Thomas Jefferson to Anne Cary Randolph, July 6, 1806

Patrick Lee’s Explanation
Wise leaders know when a do-over is called for.
Anne Randolph, age 15, was Jefferson’s first grandchild. He wrote to his grandchildren often and encouraged, often insisted, they write him regularly. They rarely complied to his satisfaction.
Grandpapa, as he was known to them, again drew attention to the lack of correspondence but acknowledged the problem might be on his end. (Very likely it was not, for no one would ever accuse him of “laziness” or lack of attention to his sole surviving child and her growing family.)
Regardless the cause, he wrote it was “useless to discuss old bankrupt scores,” suggesting they burn them and start over. It was a philosophy he applied to his political leadership as well, being willing to set past offenses aside and start again if an opponent was similarly-minded.

NOTE: The link to Thomas Jefferson’s letter is subject to change by Founders’ Archive. It was accurate when this post was written. If the link is now wrong, search FoundersArchives.gov or call me. I’ll help you find it.
Leave a comment Posted in Family matters, Leadership styles Tagged , , , , , , , , |

This grandfather needs help. Please!

he sollicits her on his own account, whenever she shall happen to be shopping, to get a garment for him to present to Virginia, another to Anne, and one for Ellen & Cornelia … mrs Madison knows better how to please the respective parties than Th:J. does. what she got for Anne on a former occasion was particularly gratifying to her. mrs Madison will be so good as to direct the shopkeepers to send their bills to Th:J. for paiment.
Thomas Jefferson to Dolley Payne Todd Madison, July 6 1805

Patrick Lee’s Explanation
Effective leaders, even grandfathers, know what they’re not good at.
The President asked his friend and wife of Secretary of State James Madison to help him with a little shopping. He wanted dresses for each of four granddaughters. Mrs. Madison knew the girls and would make far better selections than he. Affirming her good judgment, he mentioned how pleased eldest granddaughter Anne was with a previous selection Dolley had made for her.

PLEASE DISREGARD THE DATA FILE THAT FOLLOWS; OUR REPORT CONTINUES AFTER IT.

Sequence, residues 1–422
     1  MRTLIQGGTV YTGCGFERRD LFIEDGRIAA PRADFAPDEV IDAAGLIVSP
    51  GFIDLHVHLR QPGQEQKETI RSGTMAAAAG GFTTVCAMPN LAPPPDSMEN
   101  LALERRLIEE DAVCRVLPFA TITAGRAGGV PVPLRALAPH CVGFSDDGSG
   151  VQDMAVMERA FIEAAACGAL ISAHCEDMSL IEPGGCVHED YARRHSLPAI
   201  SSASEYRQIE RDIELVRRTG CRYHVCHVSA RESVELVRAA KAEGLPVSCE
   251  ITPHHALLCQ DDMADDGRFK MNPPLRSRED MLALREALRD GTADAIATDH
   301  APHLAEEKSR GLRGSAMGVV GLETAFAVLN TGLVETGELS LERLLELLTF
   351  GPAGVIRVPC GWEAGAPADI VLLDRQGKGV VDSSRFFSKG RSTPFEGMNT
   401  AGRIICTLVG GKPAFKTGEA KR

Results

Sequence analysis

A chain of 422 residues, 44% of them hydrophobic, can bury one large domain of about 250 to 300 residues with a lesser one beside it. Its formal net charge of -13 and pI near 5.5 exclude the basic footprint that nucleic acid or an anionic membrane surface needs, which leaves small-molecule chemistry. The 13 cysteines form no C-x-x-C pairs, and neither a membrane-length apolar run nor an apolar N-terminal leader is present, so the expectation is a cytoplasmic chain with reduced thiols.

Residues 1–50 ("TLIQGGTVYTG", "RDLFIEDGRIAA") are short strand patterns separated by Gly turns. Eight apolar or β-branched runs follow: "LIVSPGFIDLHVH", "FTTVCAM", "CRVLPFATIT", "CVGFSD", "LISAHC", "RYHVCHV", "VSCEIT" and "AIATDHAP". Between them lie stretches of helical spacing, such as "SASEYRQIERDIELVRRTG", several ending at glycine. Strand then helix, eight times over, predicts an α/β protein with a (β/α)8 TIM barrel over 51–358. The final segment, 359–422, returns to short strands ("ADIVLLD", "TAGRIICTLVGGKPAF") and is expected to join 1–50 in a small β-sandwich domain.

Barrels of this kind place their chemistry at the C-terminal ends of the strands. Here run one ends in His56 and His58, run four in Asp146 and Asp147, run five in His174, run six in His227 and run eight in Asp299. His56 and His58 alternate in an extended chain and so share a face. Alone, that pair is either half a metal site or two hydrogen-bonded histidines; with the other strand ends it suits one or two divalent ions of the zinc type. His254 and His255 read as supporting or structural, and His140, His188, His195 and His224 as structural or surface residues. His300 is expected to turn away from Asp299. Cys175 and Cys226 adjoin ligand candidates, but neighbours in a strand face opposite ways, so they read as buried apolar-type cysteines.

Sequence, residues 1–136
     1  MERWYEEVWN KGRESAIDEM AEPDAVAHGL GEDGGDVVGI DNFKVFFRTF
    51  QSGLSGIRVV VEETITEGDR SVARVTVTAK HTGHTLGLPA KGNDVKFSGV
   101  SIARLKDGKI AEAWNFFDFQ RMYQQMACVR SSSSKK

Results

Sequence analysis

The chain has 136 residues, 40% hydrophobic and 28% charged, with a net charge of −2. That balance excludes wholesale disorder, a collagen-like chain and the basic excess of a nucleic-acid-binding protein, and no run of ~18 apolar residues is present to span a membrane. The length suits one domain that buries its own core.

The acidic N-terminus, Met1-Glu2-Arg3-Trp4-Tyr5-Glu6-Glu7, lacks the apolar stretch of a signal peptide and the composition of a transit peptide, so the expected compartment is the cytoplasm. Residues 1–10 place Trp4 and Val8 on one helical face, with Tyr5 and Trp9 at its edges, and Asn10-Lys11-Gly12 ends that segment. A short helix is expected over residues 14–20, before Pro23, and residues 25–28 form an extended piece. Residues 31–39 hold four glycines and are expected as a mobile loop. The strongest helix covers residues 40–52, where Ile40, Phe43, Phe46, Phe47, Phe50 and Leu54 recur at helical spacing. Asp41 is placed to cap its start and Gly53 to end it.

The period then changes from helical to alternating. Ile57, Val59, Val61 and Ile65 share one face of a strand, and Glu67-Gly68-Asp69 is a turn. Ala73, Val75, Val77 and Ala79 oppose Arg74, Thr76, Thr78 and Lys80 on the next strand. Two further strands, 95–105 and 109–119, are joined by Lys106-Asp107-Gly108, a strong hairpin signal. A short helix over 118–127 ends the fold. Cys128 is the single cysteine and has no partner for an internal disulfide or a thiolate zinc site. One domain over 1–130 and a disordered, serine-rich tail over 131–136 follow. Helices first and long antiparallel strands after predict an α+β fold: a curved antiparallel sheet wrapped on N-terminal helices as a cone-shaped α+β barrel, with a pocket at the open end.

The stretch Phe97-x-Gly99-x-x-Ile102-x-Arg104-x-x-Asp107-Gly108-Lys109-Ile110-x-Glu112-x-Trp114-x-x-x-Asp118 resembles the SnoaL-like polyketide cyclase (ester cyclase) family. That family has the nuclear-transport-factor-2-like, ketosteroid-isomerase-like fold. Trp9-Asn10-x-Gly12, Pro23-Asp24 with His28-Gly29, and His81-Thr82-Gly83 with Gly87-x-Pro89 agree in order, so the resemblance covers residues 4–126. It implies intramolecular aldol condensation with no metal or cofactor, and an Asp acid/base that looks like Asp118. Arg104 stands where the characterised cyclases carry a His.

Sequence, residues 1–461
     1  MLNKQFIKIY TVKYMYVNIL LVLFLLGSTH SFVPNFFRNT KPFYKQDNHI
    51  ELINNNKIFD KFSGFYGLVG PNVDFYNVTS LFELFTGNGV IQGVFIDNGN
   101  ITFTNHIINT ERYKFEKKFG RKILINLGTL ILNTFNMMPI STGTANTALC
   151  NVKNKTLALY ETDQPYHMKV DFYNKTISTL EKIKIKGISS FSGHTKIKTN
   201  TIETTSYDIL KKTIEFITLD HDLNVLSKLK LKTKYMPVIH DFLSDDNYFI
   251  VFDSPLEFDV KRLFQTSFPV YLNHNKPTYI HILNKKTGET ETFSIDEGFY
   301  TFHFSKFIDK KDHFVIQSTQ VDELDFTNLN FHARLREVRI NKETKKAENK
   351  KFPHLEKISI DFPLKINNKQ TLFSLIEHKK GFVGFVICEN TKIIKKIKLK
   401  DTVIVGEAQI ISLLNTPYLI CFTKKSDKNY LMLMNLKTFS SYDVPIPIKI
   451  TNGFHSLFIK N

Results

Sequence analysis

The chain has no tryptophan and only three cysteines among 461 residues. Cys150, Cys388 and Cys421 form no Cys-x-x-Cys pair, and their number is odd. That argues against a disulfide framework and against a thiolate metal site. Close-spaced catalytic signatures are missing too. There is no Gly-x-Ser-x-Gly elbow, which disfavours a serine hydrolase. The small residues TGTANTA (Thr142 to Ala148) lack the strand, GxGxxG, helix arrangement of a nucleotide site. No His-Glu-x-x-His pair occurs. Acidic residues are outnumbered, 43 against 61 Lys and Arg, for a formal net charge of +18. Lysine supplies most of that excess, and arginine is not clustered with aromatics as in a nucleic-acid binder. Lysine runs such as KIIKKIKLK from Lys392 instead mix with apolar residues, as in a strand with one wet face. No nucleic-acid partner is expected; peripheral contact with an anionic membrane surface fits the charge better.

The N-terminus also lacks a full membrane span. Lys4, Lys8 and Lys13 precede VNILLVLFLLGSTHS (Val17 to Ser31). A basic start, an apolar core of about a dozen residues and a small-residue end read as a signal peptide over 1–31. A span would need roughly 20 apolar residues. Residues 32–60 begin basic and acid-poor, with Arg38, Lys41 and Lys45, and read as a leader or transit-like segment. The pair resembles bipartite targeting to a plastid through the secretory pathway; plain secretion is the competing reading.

Jefferson concluded with instructions to send the bill to him.

 

NOTE: The link to Thomas Jefferson’s letter is subject to change by Founders’ Archive. It was accurate when this post was written. If the link is now wrong, search FoundersArchives.gov or call me. I’ll help you find it.
Leave a comment Posted in Family matters, Miscellaneous Tagged , , , , , , , , |

Fake news, on steroids!

Accounts five & thirty years, since the Date of this Transaction, spent in the regular Discharge of public, & private Duties, with an Uniformity of Tenor which I am not afraid to rest on the Verdict of those who have been known me—
They will judge of me by my whole Life, & not by a single false Step taken at the Commencement of it
To you I have said these Things, because I have known you from our early youth, & wish to stand approved by you—
Thomas Jefferson to William Fitzhugh, Jr. July 1, 1805

Patrick Lee’s Explanation
Wise leaders reassure friends who might have reason to doubt.
Fitzhugh (1741-1809) was a Virginia plantation owner, statesman, and life-long friend of Jefferson’s, who was responding to newspaper accounts alleging multiple accounts of his immoral behavior. Specifically, Jefferson addressed a charge regarding his improper conduct toward a neighbor’s wife in 1768 or ’69. He acknowledged the truth of that charge, then laid out his defense:
1. For 35 years, he had conducted his public and private life with a “Uniformity of Tenor.”
2. He did not fear the verdict of those who knew him well.
3. They would judge him by the whole of his life, not by a single youthful indiscretion.
4. You (Fitzhugh) are one of those who’ve known me since my youth, and I care what you think about me.

Another letter written the same day was the subject of a 2016 post. It dealt with this subject but in a more detailed manner. In essence, by admitting to the Walker indiscretion, Jefferson denied the allegations regarding Sally Hemings.

 “The city officials were captivated …
and would have posed questions for another hour if time had been available.”
Executive Director, Missouri Municipal League
Invite Thomas Jefferson to speak.
Call 573-657-2739
NOTE: The link to Thomas Jefferson’s letter is subject to change by Founders’ Archive. It was accurate when this post was written. If the link is now wrong, search FoundersArchives.gov or call me. I’ll help you find it.
2 Comments Posted in Human nature, Morality, Sally Hemings, Uncategorized Tagged , , , , , , , , , , |